". . . and having done all . . . stand firm." Eph. 6:13


Mail-In Ballots Are What’s Delaying Election Results, Says Expert

November 16, 2022

Eight days after Election Day, when American voters went to the polls to cast their votes in the midterm elections, the U.S. is still waiting to know the final results. Seven races in the House of Representatives have still not been called by election officials because ballots are still being counted. Many are asking: in perhaps the most technologically advanced nation on earth, why is it taking so long?

On Tuesday, J. Christian Adams, president and general counsel of Public Interest Legal Foundation, joined Tony Perkins on “Washington Watch” to discuss what is behind the delay in getting election results in some states.

“Very simple answer,” he explained. “Mail ballots. The states that have the problems are the ones that shifted to mail balloting in 2020 and have really amplified the process in 2022. Arizona [and] Nevada [are] completely automatic mail ballot, California is mail ballot, New Jersey is mail ballot, Oregon is mail ballot. I could go on and on. The states we don’t know the results from are the ones that use mail ballots. It’s that simple.”

Adams went on to note that there has been opposition to the idea of early tabulation of mail ballots for fear that early results could sway voters before election day. But the concept of mail-in voting, he underscored, is likely here to stay. “People like mail voting. As a matter of fact, everywhere that it was on the ballot — and it was in a lot of states — it was expanded. … So I think we really need to … get used to it.” Adams made it clear that conservatives will likely need to accept early tabulation if they want earlier results. “Republicans are just going to have to ease up on their fear that the data will become used to suppress their turnout and find a way to make it happen because we shouldn’t have to wait for two weeks.”

In response to the common concerns about how to properly verify and secure mail-in ballots, Adams pointed to Georgia. “Georgia had the answer. You use a unique identifier on your ballot, you fill it out. So it’s like voter ID for the mail. That’s the best thing to do with that.” He also referred to the effectiveness of lawsuits in getting states to enforce voter laws. “The Public Interest Legal Foundation brought a lawsuit in Virginia which we won that prohibited Virginia from accepting ballots late that didn’t have a postmark,” he said. “We had Delaware mail balloting struck down entirely in a lawsuit … about three weeks ago … because the Delaware Constitution prohibits it. So step one is to strike when you can.”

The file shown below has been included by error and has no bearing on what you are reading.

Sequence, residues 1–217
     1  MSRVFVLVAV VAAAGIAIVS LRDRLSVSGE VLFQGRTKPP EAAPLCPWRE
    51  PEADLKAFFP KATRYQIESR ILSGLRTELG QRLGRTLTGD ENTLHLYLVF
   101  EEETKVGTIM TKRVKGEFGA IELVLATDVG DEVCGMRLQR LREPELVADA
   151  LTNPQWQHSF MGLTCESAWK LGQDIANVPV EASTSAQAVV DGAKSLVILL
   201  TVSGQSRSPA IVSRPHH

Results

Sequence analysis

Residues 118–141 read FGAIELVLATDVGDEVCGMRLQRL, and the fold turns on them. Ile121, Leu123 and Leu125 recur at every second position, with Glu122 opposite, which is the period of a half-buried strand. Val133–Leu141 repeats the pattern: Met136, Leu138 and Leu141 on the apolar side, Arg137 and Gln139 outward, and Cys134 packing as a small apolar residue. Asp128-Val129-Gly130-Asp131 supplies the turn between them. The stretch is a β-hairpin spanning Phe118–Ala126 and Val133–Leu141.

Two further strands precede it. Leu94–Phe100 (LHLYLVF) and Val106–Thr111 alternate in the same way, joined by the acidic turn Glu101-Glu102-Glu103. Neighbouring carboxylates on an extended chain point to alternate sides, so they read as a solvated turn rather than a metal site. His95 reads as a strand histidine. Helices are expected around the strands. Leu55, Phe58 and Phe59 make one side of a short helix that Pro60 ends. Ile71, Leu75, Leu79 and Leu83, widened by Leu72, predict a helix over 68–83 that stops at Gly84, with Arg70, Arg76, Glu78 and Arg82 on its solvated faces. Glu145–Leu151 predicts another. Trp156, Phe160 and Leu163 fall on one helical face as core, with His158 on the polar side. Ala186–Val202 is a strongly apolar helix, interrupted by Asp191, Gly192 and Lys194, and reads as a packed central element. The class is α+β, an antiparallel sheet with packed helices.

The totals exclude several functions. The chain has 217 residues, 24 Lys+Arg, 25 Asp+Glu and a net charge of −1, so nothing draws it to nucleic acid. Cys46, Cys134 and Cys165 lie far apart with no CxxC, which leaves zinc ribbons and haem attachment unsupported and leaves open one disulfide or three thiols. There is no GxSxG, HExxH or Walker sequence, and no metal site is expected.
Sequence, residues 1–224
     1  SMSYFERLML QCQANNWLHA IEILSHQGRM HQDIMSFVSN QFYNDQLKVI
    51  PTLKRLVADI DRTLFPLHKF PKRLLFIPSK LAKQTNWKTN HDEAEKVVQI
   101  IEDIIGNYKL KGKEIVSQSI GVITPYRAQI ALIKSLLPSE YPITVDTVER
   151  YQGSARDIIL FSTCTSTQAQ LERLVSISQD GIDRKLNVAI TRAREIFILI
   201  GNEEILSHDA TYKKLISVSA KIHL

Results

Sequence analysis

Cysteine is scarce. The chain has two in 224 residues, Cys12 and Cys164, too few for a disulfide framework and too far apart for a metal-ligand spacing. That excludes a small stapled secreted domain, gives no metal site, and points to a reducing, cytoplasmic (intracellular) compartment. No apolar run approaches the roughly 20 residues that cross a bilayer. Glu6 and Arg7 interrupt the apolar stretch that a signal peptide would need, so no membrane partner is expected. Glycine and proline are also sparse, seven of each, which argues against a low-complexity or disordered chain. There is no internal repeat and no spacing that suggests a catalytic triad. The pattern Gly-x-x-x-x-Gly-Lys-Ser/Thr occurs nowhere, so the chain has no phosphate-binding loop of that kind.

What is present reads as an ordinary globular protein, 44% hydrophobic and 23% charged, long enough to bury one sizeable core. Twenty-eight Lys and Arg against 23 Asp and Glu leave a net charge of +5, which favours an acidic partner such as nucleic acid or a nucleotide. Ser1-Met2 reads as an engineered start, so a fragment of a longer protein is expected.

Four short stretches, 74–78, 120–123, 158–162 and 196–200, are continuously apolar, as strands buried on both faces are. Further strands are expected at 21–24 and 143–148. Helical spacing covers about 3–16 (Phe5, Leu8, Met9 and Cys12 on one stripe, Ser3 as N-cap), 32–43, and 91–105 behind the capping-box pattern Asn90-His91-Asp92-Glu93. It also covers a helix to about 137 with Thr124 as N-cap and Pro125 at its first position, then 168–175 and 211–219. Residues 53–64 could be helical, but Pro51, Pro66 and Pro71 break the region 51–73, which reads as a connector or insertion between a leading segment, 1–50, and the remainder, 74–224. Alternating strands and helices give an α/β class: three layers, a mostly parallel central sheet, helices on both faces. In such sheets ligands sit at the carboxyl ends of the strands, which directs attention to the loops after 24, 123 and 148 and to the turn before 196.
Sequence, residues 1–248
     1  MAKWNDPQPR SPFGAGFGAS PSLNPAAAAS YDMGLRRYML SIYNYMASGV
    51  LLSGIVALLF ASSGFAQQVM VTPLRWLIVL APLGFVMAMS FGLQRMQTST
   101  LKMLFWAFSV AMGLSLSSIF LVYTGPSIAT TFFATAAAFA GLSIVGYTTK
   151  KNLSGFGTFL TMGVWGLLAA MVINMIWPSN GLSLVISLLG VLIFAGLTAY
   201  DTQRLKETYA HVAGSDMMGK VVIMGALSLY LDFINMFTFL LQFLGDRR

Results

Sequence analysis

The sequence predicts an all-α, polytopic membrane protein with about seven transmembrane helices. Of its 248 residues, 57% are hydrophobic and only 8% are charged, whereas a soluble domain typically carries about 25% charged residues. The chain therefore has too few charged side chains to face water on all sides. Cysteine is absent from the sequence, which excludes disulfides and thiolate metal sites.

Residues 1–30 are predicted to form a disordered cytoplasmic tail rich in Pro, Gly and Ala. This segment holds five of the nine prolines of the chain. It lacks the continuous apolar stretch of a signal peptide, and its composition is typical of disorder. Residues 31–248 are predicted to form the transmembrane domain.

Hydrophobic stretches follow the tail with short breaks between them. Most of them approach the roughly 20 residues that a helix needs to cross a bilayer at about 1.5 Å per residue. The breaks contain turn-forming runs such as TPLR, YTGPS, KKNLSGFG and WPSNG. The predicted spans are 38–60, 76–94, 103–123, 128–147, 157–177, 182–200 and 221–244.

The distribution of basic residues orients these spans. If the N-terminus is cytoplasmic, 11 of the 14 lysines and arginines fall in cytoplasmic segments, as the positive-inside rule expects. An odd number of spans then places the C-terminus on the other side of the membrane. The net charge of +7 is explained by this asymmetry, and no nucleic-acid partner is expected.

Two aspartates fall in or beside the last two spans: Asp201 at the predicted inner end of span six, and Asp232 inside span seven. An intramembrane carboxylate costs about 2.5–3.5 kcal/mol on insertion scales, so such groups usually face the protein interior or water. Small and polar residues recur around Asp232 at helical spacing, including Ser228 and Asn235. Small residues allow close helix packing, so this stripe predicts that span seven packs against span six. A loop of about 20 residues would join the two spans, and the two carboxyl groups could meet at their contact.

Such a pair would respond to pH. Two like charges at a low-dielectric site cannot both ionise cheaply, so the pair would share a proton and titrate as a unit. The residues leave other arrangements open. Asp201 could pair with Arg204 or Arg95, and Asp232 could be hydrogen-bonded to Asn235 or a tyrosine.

Adams also highlighted the importance of enforcing federal laws. “[There are] federal statutes that generally require the election to be done on Election Day, not four days after Election Day. And I’m looking at potentially some litigation there to try to get states to comply with that mandate.”

Another common election integrity concern is ballot harvesting, in which a party representative fills out a ballot for a voter upon the voter’s request. Perkins observed that since states like California now allow this practice, conservatives should consider using the same tactic as long as it is legal in the state.

Adams pointed to another possible opportunity for conservatives to use the same tactics as the Left: ballot “curing.”

“[Curing] means you get a list of the defective mail ballots,” he explained. “You know that before the election, because the election officials have segregated the ones that aren’t filled out correctly. Well, that starts the chase. And the Democrats have gotten very good at organizing curing efforts where they figure out who has a defective ballot. They contact that person. They take them to the polls. I would submit they might even be able to buy them something because it’s not for a vote. It’s to fix a vote. … Is there a Republican counterpart to this? What do you think? Of course not. They’re like five years behind.”

“From my vantage point, I think conservatives have a lot of work to do in the next two years to get prepared for the 2024 election,” Perkins observed.

Dan Hart is senior editor at The Washington Stand.